Students showing interest in saving
The school banking programme introduced by the Bangladesh Bank in 2010 is growing in popularity among students, with the deposit base and the total number of accounts both showing an increase in recent times.
As of June, the total deposits in the bank accounts owned by schoolchildren stood at Tk 1,128 crore, up 28.18 percent from a year earlier. During the period, the total number of accounts rose 12.86 percent to 13.34 lakh.
Dutch-Bangla, Islami, Eastern, United Commercial and Rupali were the top five banks that pulled the most deposits from students.
With a view to encouraging citizens to start saving from a young age, the central bank in November 2010 instructed all banks to allow schoolchildren of 6 to 18 years of age to open accounts that come with regular banking services.
Of the 57 banks in Bangladesh, 56 are now running the programme.
The account is opened as per the guidelines of the existing Uniform Account Opening Form and Know Your Customer form of the central bank.
Attested copies of the child's birth certificate, school ID card or certificate from the head of the educational institution and the latest fee payment slip are needed as supporting documents.
The account will also carry the signature of the child's legal guardian.
The minimum balance ranges between Tk 100 and Tk 500 depending on the bank.
The educational institutions can collect the student's fees straight from the accounts.
The banks, meanwhile, can provide the child education insurance under the account so that they can get financial help in case of necessity. The students can open various savings schemes under the programme as well.
The deposits under the school banking accounts increased in recent months as banks have taken a number of initiatives to facilitate the opening of such accounts, said Md Abul Bashar, general manager of the BB's Financial Inclusion Department.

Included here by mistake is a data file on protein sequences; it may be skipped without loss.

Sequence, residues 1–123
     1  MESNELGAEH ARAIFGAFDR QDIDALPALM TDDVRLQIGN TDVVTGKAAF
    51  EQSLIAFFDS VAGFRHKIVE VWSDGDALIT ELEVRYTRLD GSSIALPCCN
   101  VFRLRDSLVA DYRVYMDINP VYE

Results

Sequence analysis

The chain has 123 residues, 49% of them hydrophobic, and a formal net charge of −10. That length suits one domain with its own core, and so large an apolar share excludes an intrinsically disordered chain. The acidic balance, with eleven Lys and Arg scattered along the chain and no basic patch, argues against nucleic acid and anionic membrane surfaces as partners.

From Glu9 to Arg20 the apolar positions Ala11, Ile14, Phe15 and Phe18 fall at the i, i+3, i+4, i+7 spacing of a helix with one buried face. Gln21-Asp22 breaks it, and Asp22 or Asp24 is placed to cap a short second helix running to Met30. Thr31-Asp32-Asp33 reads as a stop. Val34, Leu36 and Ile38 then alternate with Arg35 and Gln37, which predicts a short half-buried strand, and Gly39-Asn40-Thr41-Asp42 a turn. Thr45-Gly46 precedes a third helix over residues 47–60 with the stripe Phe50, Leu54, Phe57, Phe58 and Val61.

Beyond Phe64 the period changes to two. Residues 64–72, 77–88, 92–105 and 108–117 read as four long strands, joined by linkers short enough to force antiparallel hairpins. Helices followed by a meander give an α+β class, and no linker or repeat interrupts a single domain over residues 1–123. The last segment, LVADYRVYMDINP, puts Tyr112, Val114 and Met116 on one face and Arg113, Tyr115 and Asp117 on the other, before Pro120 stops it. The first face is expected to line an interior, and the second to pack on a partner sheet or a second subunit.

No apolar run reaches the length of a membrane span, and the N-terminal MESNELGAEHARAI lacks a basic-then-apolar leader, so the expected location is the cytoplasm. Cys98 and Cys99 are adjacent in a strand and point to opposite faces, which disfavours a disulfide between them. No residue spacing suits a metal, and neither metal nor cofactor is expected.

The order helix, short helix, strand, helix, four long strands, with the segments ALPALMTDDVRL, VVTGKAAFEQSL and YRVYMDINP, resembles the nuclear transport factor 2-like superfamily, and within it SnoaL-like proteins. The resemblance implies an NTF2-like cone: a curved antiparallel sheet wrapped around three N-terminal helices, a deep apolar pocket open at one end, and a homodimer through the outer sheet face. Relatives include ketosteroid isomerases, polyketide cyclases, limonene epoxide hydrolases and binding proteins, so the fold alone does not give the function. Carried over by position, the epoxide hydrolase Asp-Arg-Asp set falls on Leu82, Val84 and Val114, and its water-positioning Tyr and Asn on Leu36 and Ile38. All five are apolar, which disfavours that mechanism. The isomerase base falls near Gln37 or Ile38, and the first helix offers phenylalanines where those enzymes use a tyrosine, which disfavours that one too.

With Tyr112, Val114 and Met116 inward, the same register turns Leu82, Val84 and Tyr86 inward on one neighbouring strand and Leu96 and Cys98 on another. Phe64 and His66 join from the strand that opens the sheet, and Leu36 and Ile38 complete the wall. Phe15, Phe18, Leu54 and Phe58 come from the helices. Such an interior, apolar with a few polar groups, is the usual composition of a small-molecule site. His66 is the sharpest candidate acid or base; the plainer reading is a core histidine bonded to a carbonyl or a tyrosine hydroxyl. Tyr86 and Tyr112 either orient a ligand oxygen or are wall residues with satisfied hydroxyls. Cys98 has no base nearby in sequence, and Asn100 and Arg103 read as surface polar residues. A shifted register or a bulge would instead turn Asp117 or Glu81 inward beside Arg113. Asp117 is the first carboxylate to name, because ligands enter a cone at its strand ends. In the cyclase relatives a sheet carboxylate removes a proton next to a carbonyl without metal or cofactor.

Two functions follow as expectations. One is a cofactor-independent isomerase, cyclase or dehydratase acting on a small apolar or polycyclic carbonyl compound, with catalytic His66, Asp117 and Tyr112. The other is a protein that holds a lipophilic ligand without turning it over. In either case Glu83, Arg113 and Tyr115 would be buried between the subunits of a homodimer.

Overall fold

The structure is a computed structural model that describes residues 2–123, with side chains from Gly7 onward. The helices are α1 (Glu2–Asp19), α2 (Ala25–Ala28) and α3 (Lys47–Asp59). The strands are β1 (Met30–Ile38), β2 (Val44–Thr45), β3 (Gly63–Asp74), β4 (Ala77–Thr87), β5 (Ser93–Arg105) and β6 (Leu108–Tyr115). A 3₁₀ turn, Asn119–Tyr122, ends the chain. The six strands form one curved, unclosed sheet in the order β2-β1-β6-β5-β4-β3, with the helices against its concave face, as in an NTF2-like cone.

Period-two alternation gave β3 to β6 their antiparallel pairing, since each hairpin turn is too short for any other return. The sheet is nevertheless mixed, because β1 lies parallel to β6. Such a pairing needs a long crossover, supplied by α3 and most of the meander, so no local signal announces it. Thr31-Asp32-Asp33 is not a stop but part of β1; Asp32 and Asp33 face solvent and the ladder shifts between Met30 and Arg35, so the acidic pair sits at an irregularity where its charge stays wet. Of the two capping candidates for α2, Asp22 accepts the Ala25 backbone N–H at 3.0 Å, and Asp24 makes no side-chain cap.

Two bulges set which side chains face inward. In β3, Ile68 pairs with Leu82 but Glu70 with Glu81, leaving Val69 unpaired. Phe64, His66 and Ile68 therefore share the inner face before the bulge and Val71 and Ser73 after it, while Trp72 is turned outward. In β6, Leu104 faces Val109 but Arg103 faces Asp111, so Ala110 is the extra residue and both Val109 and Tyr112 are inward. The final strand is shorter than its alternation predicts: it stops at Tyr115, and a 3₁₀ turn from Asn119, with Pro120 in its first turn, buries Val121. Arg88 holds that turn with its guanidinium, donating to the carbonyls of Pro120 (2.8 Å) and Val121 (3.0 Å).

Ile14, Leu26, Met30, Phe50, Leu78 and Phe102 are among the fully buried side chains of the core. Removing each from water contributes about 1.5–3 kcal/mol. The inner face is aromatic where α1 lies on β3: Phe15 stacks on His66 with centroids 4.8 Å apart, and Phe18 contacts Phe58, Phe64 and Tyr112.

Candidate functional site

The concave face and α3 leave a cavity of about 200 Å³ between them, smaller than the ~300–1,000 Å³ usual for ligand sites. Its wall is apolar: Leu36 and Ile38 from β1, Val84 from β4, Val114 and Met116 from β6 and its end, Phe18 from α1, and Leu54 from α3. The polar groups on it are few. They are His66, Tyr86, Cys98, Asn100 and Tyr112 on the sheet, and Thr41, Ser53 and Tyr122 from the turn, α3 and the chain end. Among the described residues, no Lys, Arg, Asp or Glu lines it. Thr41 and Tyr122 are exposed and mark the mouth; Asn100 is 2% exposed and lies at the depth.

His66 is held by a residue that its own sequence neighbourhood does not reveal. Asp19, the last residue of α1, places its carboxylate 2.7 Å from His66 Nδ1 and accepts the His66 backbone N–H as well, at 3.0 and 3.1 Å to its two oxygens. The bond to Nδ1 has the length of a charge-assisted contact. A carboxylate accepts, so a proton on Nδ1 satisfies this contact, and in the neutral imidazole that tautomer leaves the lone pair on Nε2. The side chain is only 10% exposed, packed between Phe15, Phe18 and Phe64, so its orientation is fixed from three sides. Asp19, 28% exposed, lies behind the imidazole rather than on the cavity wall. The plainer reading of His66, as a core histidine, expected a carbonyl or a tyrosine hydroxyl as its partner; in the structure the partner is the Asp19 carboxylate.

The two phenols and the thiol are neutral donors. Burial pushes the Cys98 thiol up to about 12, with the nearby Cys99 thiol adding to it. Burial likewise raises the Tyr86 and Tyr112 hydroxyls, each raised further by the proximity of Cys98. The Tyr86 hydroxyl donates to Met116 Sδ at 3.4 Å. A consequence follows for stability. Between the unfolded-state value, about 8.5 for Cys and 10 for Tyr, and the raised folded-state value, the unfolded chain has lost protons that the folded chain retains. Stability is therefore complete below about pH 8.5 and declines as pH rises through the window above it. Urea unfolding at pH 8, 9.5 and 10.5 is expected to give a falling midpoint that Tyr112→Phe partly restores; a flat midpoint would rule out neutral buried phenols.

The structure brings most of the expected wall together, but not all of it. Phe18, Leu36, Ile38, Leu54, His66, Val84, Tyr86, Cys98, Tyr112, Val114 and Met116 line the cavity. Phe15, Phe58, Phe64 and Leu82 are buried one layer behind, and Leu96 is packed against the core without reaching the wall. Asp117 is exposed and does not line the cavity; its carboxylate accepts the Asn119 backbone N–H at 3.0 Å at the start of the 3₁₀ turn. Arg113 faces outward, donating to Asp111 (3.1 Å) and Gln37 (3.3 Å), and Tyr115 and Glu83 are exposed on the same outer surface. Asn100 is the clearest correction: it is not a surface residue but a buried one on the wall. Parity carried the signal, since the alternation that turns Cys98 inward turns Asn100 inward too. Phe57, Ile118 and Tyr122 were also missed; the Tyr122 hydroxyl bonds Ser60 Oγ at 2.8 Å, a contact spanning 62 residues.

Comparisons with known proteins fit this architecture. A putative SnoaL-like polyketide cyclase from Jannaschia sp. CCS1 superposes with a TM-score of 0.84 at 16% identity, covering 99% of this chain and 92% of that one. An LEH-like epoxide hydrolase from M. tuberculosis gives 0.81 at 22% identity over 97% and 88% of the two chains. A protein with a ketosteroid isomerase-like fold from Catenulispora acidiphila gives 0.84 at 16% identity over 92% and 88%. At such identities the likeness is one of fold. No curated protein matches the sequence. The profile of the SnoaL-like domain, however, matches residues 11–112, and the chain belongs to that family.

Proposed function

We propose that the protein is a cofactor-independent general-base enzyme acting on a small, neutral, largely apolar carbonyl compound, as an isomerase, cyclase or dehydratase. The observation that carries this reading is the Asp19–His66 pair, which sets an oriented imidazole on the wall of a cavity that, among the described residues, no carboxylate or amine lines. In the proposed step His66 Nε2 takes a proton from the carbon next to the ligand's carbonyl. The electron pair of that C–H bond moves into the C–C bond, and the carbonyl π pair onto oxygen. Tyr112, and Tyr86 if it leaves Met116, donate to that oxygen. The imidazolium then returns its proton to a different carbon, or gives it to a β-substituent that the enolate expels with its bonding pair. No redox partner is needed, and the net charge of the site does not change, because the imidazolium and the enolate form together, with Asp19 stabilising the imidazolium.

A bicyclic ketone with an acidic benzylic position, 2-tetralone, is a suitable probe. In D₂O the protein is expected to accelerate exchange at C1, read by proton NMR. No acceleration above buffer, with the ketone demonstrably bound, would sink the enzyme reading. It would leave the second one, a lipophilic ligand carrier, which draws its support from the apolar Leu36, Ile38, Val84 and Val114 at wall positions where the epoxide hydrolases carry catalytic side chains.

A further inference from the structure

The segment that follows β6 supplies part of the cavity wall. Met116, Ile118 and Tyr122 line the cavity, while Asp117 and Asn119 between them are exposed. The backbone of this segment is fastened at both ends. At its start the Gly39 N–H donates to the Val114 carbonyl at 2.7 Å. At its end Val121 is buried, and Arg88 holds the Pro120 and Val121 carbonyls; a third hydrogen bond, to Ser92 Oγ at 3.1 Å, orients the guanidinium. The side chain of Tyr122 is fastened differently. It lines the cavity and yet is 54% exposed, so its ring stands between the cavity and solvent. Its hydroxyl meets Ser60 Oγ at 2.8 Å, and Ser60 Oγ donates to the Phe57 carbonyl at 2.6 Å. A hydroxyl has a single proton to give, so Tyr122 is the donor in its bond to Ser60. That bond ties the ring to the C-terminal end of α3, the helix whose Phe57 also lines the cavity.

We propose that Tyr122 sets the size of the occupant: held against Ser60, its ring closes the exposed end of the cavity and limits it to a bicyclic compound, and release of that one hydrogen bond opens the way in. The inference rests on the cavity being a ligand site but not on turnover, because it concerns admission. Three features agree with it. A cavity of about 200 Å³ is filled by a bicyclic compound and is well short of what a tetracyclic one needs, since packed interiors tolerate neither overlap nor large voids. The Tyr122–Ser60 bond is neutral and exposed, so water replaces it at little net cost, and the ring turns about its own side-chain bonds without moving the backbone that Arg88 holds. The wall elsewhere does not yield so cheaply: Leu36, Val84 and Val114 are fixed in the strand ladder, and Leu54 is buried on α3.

Some of the banks organised school banking conferences at different educational institutions to encourage a habit of saving from a young age.
Banks usually give 1 percent more interest on the deposits in the student accounts than they offer for other savings products, he added.
Mamun-Ur-Rashid, managing director of Standard Bank, said all the branches of his bank open such accounts to help achieve the central bank's financial inclusion objective.
“We have set a target for such account for all our branches,” he said, adding that Standard opened more than 3,000 accounts between September last year and October this year.
Bank Asia has recently made an agreement with Brac, a non-governmental organisation, to expand the school banking programme in different parts of the country, according to Md Arfan Ali, managing director of Bank Asia.
Brac had earlier sponsored to set up libraries in many schools.
The librarians will act as agent of Bank Asia to bring the students under the programme.
Bank Asia has also set a target of enrolling 3,000 schools with the school banking programme over the next three years, Ali added.